Teddy Thompson & Kelly Jones
"Don't Remind Me"
Okay; I myself would never have known about this album (Little Windows, 2016) if it hadn't been for songwriter Bill DeMain -- who co-wrote every track -- plugging the thing on Facebook. But knowing Bill's talent, I took a chance -- and wow, was I gobsmacked by this record. So I'm urging you to check it out; you won't be disappointed, In the fractured music biz of these dark dark days, a Facebook post is sometimes the only way you'll find out about these gems.
Teddy, as it happens, has musical DNA up the wazoo, being the son of the gifted British musicians Richard and Linda Thompson (erst of Fairport Convention, and on and on from there). On the other hand, Kelly is just a gal from Virginia with pipes to die for. Note: this isn't the Welsh Kelly Jones, the guy from Stereophonics. No disrespect to him, but I think if he were involved in this project it would be something entirely different.
From the outset, the purpose of this album was to riff on the 1950s "countrypolitan" style that snuck pop influences into Nashville C&W. Strings, lush legatos, movie-music emotions -- the whole nine yards. That's the sound that my girl Patsy Cline was moving toward before she died in that awful plane crash in 1963, and Ray Charles did his own part in bringing R&B into the same camp. ("Georgia"? "Cryin' Time"? There's got to be some reason why these are my favorite Ray Charles tracks.)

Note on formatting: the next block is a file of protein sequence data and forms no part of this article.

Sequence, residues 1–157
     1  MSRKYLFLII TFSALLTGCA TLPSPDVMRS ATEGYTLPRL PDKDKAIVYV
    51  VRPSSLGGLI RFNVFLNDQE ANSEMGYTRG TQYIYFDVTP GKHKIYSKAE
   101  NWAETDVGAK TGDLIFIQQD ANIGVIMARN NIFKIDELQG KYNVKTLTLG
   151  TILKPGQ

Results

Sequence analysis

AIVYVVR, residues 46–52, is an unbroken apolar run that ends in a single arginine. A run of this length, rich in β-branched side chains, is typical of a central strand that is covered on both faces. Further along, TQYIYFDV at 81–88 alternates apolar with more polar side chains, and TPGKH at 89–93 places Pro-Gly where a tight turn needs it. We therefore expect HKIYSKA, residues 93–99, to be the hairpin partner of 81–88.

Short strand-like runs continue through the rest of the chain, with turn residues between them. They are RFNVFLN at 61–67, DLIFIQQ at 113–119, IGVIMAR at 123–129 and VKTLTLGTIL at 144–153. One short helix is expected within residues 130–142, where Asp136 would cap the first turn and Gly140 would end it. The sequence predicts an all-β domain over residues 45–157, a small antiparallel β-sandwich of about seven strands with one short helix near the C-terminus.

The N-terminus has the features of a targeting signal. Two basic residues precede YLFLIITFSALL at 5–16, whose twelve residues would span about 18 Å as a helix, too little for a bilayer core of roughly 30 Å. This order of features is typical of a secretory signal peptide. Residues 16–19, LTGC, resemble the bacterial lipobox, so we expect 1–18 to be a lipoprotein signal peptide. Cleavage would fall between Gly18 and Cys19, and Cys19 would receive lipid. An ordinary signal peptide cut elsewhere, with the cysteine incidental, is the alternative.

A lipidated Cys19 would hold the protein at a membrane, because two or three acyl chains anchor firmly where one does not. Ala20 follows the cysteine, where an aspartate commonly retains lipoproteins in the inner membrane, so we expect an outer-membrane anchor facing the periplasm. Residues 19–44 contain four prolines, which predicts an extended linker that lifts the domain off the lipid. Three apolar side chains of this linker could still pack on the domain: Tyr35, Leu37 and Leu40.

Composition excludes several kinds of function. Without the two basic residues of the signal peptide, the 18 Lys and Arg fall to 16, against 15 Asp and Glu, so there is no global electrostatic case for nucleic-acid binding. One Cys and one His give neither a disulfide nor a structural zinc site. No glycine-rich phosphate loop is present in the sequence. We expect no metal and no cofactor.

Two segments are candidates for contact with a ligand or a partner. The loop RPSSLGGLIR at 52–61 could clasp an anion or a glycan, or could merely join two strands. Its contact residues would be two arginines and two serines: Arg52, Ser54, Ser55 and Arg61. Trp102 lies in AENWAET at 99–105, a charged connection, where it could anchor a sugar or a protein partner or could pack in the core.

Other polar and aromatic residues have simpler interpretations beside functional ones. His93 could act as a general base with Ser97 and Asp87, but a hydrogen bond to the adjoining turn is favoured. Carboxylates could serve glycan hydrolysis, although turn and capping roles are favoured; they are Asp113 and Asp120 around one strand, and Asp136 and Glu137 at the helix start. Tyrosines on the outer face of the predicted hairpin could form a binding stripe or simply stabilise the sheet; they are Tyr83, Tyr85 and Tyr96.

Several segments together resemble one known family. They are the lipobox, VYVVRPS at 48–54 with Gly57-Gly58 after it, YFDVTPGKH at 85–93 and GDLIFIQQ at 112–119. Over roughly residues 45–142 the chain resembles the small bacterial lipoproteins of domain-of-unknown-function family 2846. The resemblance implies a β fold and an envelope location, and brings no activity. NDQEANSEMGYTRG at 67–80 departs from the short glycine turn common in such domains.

But the track this most reminds me of is "Since I Don't Have You," a doo-wop hit in 1958 for the Skyliners, which Guns and Roses also (bizarrely) covered in 1994. The version I'm most familiar with, though, is Ricky Nelson's, from his 1965 album Best Always. It's drop-dead lovely -- and you can't tell me that Teddy and Kelly aren't channeling that ripe emotion here.
Oh, yeah, it's a mood piece. He's thumbing through his memories, and coming up with mostly broken dreams. That shuffling tempo is drenched with regret and lassitude, and Teddy and Kelly's harmonies are plangent as hell, sliding in and out of crunching dissonance.
I adore how the chorus modulates into that winsome plea -- "Don't remind me." Stevie Elliot's electric guitar draws out the tremulous emotion, spinning the web of regret.
Oh, please don't rub salt in the wound. Or, if you must --